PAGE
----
President Joe Biden signed a bill Thursday designating Juneteenth, a day commemorating the end of slavery in the United States, a federal holiday. It marks the day when — as relayed in a story which author Clint Smith calls a “long-held myth” — a Union general stood on a balcony in Galveston, Texas, to publicly read the Emancipation Proclamation, which ended enslavement in 10 states in the Confederacy, including for 250,000 enslaved people in Texas. That was June 19, 1865, more than two years after President Abraham Lincoln signed the Proclamation, and two months after the end of the Civil War.
Texas, where Juneteenth began, got a head start on the rest of the U.S. by making the day a state holiday in 1980. It’s also the site of Emancipation Park, a small parcel of land purchased in 1872 by a group of formerly enslaved residents in Houston, so that they would always have a place to celebrate Juneteenth. When Smith, author of How the Word Is Passed: A Reckoning With Slavery Across America, was researching his book, people told him about the park and that if he “wanted to understand what Juneteenth meant in Texas,” he wrote, “I had to go there.”
The land’s owners gave Emancipation Park, the state’s oldest park, to the city of Houston in 1916. The only park open to Black Houstonians in the Jim Crow era, it became dilapidated over the decades, until a grassroots campaign and city redevelopment efforts resulted in its restoration and expansion. It was named a historic landmark in 2007. In 2019, the park, now the Emancipation Park Conservancy and the beneficiary of a $30-million-plus renovation, was designated by the United Nations Educational, Scientific and Cultural Organization (UNESCO) as a Site of Memory Associated with the Slave Route Project.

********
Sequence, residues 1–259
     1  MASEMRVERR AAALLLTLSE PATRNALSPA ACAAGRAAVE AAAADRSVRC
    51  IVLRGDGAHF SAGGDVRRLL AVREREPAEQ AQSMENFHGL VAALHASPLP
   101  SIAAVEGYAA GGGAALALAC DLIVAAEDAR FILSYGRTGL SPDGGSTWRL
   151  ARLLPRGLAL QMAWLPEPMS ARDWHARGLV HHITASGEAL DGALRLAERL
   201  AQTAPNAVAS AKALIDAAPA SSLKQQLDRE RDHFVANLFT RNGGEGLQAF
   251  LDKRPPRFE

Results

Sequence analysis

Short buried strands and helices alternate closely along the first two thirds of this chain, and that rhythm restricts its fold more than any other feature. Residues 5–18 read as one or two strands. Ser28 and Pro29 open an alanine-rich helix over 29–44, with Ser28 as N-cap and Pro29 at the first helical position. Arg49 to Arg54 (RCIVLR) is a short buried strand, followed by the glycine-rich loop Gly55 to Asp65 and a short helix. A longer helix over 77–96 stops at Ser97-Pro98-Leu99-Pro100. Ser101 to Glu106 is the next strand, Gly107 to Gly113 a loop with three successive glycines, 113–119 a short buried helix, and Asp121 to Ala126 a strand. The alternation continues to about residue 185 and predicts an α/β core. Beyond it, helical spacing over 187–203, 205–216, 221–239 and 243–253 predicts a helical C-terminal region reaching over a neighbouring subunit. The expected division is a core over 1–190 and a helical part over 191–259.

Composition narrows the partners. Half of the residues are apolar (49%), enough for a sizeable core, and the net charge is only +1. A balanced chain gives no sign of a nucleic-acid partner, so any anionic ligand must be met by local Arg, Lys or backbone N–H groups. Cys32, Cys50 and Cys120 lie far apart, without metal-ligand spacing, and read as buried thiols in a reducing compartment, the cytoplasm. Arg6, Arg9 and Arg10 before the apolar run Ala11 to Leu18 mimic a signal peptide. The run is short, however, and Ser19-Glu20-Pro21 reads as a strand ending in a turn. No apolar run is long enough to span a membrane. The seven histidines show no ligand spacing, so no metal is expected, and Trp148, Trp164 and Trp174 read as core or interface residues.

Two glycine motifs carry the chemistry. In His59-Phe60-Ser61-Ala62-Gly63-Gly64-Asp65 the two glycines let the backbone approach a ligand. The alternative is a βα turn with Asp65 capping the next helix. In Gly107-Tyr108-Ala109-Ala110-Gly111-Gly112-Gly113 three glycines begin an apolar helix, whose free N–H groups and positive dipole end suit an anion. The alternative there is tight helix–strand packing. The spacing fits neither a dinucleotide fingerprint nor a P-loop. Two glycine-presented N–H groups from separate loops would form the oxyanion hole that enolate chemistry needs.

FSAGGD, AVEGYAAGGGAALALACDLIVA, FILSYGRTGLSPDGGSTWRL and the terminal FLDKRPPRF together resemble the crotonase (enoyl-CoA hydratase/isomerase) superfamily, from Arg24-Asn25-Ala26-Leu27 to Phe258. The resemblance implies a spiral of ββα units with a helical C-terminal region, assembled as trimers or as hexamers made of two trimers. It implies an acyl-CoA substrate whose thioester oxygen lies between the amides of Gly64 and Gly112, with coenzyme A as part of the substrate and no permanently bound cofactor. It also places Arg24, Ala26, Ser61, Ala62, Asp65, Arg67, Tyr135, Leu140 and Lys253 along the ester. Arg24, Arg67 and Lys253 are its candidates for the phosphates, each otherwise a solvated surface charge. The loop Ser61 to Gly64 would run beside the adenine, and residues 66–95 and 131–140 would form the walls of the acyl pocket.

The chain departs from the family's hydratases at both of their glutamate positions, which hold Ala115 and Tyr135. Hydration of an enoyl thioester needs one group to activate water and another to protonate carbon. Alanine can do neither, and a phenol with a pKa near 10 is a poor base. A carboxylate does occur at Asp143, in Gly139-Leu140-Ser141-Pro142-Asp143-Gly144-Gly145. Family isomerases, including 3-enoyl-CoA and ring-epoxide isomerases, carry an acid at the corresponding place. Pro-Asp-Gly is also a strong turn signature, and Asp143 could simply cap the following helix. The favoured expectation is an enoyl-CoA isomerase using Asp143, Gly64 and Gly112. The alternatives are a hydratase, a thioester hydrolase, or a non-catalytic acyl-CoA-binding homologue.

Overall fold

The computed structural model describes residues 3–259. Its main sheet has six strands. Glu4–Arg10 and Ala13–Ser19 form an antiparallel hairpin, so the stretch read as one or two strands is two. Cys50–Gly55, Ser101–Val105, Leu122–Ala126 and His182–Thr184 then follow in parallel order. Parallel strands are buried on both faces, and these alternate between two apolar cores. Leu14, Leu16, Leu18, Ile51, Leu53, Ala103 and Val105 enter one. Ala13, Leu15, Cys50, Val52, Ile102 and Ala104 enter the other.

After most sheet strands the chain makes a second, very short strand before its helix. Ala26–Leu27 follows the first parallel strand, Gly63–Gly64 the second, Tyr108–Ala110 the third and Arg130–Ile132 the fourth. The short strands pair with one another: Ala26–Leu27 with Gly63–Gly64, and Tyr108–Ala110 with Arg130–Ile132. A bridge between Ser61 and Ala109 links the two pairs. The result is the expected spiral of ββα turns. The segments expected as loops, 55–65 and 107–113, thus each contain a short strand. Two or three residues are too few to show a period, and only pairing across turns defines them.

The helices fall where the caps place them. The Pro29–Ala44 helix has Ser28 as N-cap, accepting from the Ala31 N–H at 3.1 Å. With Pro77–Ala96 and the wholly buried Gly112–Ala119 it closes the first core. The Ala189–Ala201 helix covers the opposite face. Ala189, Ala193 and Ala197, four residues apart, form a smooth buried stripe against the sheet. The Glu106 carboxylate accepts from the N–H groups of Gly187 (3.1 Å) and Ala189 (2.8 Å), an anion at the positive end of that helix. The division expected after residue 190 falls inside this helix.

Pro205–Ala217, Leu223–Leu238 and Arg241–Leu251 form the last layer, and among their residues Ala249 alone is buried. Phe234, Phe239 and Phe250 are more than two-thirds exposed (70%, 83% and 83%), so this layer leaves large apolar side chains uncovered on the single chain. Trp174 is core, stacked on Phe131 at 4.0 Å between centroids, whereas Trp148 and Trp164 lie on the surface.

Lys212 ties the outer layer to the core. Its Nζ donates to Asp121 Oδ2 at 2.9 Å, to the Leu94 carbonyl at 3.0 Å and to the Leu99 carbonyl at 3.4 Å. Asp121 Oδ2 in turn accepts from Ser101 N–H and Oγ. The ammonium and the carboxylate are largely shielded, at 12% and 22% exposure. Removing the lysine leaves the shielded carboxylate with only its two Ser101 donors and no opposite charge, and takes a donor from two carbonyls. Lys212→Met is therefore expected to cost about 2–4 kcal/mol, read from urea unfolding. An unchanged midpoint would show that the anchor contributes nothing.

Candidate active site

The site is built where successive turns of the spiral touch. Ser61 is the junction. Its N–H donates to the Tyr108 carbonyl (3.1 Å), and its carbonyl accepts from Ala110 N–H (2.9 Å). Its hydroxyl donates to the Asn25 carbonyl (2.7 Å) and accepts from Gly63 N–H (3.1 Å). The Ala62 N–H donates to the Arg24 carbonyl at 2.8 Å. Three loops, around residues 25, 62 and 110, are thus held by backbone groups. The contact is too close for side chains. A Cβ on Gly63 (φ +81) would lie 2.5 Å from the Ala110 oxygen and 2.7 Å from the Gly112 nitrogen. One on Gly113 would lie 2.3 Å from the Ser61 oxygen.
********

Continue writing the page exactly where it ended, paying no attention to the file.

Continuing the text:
And in 2021, the historic park is once again a center for celebrating Juneteenth — the Emancipation Park Conservancy has launched a national campaign, #WEAREJUNETEENTH, to celebrate the holiday and the history, traditions, heritage, and culture of the Black community.
For the meetings industry, it also serves as a model of how to create hybrid events that speak to a global platform, while retaining a strong local presence. From June 1-19, the Emancipation Park Conservancy broadcast a series of digital events through Facebook, YouTube, and the Emancipation Park website, highlighting community history and culture through music, food, and dance, along with panel discussions on topics specific to Black experiences and spotlighting Black businesses and organizations.
Houstonians can register for a traditional lunch — barbecue, watermelon, and red soda — served at the park on Saturday and the Conservancy will broadcast a free, 90-minute musical celebration, We Rise Up!, with local musicians.
In How the Word Is Passed, Smith interviewed Jackie Bostic about Juneteenth and public memory. Bostic is the great-granddaughter of Jack Yates, a minister, community leader, and former enslaved person, who led the original group who bought the park in 1872. “I think my generation — many getting killed, and beaten, and spit on, and dogs, and hoses, did not understand that you have to keep telling the story in order for people to understand,” Bostic told Smith. “Each generation has to know the story of how we got where we are today, because if you don’t understand, then you are in the position to go back to it.”
Emancipation Park’s 149th Annual Juneteenth Celebration Kick-off
Barbara Palmer is deputy editor of Convene.